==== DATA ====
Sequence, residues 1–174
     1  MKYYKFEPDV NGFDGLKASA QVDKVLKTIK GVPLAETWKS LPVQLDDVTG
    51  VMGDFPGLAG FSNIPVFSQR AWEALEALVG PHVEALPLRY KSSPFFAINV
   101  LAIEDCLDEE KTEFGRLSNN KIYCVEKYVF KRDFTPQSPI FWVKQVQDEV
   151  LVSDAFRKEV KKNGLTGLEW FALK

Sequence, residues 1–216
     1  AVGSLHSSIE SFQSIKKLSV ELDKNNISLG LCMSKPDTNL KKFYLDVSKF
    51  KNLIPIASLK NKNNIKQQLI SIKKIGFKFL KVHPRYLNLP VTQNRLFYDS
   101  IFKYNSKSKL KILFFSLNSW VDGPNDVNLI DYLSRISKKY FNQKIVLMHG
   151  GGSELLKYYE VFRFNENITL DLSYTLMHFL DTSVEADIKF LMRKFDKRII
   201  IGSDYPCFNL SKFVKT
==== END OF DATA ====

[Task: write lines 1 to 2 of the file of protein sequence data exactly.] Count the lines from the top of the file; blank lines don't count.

Sequence, residues 1–174
     1  MKYYKFEPDV NGFDGLKASA QVDKVLKTIK GVPLAETWKS LPVQLDDVTG